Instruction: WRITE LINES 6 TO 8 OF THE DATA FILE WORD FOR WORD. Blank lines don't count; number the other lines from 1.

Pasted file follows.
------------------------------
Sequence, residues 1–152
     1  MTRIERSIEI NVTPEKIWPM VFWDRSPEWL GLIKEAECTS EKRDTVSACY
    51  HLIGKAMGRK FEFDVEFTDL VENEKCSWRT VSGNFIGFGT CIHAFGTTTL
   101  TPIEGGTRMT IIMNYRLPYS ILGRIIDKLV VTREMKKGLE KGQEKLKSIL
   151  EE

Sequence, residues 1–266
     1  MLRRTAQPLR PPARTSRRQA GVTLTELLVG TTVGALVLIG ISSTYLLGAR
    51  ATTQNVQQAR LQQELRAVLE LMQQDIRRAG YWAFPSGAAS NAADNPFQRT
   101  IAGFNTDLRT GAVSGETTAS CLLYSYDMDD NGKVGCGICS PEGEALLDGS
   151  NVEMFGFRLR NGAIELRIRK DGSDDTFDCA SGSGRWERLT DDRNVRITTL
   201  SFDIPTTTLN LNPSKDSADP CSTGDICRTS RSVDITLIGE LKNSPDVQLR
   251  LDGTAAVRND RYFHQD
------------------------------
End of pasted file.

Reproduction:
Sequence, residues 1–266
     1  MLRRTAQPLR PPARTSRRQA GVTLTELLVG TTVGALVLIG ISSTYLLGAR
    51  ATTQNVQQAR LQQELRAVLE LMQQDIRRAG YWAFPSGAAS NAADNPFQRT